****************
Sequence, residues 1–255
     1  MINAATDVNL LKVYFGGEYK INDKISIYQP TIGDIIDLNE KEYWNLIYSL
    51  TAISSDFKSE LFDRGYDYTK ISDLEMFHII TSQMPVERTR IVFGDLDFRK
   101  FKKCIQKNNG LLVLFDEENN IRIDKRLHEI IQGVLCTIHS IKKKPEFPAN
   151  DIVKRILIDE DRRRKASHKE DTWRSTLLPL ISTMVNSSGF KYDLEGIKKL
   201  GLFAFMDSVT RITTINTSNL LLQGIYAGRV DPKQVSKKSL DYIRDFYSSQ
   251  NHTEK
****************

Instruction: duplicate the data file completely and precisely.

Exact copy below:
Sequence, residues 1–255
     1  MINAATDVNL LKVYFGGEYK INDKISIYQP TIGDIIDLNE KEYWNLIYSL
    51  TAISSDFKSE LFDRGYDYTK ISDLEMFHII TSQMPVERTR IVFGDLDFRK
   101  FKKCIQKNNG LLVLFDEENN IRIDKRLHEI IQGVLCTIHS IKKKPEFPAN
   151  DIVKRILIDE DRRRKASHKE DTWRSTLLPL ISTMVNSSGF KYDLEGIKKL
   201  GLFAFMDSVT RITTINTSNL LLQGIYAGRV DPKQVSKKSL DYIRDFYSSQ
   251  NHTEK